The Boatman’s skill is centered on poling punts or gondolas or barges of freight, or paddling canoes, or handling oar-driven boats (typical dory or small whaleboat, nothing so large as a galley, however), or small local sailing craft, as well. These will usually be even smaller than the coastal craft described above, those with sails taking no more than 2 or 3 hands to manage, and mostly found on the larger rivers and lakes. Those Boatmen who ply fresh water canals and rivers, especially those that meander or cut through wetlands and fens will often be referred to as “river rats”, sometimes affectionately, sometimes disparagingly, depending on the context and who is speaking.

The player must decide if the character’s skill is oar-based, pole-based, or sail-based, for each of these types of boats requires a different set of skills to manage.

The character must have either a port town or home with a dock or quay to receive his vessel on the river, canal or lake on which he primarily plies his craft and is assumed to know the features of those waters within (AWA + SL) furlongs intimately, and those within (AWA + SL) miles in great detail. Should the character be located on a canal or river, those distances is measured from his home or home port in both directions, following any other canals or rivers it may flow into, continuing to measure in both directions at every juncture, until that distance is exhausted.

Sailing craft speeds will depend on the size of the vessel and the prevailing winds, rowing will depend on the size of the boat, the number of rowers and the least of the STR scores between them (for the stronger must hold back for the craft to be rowed in a straight path), while pole-boats and barges may be poled at speeds of up to [SL +(STA ÷ 3)] ÷ 4 in mph, to a maximum of [(STA ÷ 3) + (STR)] ÷ 4, or the boat’s maximum according to its length and beam (GM’s discretion).

Rowing and Poling is charged in WND according to the fraction of the maximum speed they can attain which is being used (“zero”, 1/4th, 1/2, 3/4th’s, or Full), normally, according to the rules for Movement presented in Chapter 2. of Part II. of this book (cf.).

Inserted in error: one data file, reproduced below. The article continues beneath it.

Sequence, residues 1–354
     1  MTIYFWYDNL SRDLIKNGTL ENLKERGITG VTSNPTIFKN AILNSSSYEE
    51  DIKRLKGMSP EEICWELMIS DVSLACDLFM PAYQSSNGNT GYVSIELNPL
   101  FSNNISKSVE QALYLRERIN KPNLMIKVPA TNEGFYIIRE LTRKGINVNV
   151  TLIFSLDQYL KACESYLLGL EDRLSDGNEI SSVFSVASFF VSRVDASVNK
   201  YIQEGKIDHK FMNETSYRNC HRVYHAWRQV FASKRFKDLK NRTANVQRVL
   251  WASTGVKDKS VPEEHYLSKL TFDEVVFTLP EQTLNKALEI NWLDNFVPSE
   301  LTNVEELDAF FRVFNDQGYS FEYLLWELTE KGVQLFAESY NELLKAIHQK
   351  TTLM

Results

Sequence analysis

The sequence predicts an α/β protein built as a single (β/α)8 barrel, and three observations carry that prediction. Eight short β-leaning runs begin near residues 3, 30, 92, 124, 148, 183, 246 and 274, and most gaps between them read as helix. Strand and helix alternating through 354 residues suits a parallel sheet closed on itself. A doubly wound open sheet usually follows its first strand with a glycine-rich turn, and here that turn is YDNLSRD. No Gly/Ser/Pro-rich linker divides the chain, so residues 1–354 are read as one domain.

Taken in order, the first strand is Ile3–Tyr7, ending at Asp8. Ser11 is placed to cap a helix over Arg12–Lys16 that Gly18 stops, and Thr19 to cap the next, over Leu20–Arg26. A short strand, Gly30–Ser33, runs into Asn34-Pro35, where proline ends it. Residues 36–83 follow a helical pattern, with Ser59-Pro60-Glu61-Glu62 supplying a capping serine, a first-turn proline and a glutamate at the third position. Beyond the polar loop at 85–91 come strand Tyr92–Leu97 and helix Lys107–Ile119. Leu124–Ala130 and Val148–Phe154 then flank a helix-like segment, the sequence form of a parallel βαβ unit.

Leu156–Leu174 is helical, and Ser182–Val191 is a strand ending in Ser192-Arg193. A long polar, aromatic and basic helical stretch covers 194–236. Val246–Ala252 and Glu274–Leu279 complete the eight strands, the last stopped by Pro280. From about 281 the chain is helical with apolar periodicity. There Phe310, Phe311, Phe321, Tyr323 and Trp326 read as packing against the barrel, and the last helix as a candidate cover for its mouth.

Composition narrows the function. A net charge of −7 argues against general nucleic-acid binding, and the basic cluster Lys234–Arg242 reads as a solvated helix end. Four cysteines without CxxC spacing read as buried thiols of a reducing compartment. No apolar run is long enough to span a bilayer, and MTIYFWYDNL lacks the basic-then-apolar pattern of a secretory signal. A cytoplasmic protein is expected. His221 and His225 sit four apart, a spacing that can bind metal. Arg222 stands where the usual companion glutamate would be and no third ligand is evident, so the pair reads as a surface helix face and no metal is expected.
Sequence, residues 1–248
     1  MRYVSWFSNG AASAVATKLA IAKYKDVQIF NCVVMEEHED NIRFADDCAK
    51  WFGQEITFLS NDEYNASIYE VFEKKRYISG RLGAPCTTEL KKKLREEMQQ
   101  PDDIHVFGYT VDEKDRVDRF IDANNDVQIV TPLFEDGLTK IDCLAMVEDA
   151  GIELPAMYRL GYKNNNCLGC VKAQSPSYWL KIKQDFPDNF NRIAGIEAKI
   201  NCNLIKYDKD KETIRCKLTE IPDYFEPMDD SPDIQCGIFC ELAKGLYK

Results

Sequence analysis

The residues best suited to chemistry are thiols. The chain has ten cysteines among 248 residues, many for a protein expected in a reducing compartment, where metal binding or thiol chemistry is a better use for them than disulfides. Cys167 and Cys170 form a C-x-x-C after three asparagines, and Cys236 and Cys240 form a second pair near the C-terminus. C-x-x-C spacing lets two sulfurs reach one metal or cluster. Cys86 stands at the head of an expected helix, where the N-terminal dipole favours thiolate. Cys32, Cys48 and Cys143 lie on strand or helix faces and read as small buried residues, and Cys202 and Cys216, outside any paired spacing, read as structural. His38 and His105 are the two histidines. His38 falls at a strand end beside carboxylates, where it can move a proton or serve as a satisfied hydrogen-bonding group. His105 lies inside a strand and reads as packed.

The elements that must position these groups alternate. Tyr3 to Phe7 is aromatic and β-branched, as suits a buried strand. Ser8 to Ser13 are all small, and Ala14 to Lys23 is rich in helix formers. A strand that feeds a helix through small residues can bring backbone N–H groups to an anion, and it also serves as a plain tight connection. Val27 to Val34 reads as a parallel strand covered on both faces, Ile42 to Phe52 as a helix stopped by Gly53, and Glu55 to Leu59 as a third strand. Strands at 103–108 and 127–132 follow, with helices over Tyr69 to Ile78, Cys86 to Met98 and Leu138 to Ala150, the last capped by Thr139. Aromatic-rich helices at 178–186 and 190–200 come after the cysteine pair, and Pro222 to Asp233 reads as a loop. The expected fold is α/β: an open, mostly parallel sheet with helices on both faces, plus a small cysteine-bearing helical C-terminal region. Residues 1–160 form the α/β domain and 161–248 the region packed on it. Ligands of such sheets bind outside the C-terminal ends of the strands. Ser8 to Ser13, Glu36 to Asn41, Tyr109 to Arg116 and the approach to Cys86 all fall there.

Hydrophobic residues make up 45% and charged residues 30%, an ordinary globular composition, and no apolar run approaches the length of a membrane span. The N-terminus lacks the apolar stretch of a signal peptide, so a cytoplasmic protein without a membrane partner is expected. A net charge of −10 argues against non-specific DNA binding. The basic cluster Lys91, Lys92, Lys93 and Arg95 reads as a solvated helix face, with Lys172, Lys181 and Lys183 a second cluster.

The Boatman character will also have the opportunity to learn the Forage skill for use while plying the waters, but this is primarily for use on the shore and in bank-side waters, although it does include the character’s facility with fishing and a knowledge of the different fish that frequent those waters and the specific types of waters they prefer.

The att. mod. for the use of this skill is based upon the character’s STR and AGL.

The maximum speed of a typical dory (14-16ft. long) under oar would be roughly 3-4 knots, with the resistance rising dramatically between 3 & 4 knots. i.e. the amount of power required to make the boat travel at 4 knots would be roughly twice that required for travel at 3 knots.

IF the boat was more like a small whaleboat (eg., as seen in the pictures of Washington crossing the Potomac) then with two people, the cruising speed could have been more in the range of 4-5 knots. 

A ship’s “jolly boat”, c. 16ft. long, can be rowed by one man alone but it has 3 rowing positions so it can take up to 6 people rowing. Rowing alone on still water, average speed 3 knots (3.5 mph, or 2.5 cm Pulse Move) to 4 knots (4.5 mph, or 3.4 cm Pulse Move) is possible, with a compliment of 6 rowers, c. 4-5 knots.

Waterline length (ft.)

Max. Hull Speed (mph)

Pulse Move



3.2 cm



3.8 cm



4.4 cm



5.1 cm



5.8 cm



6.6 cm


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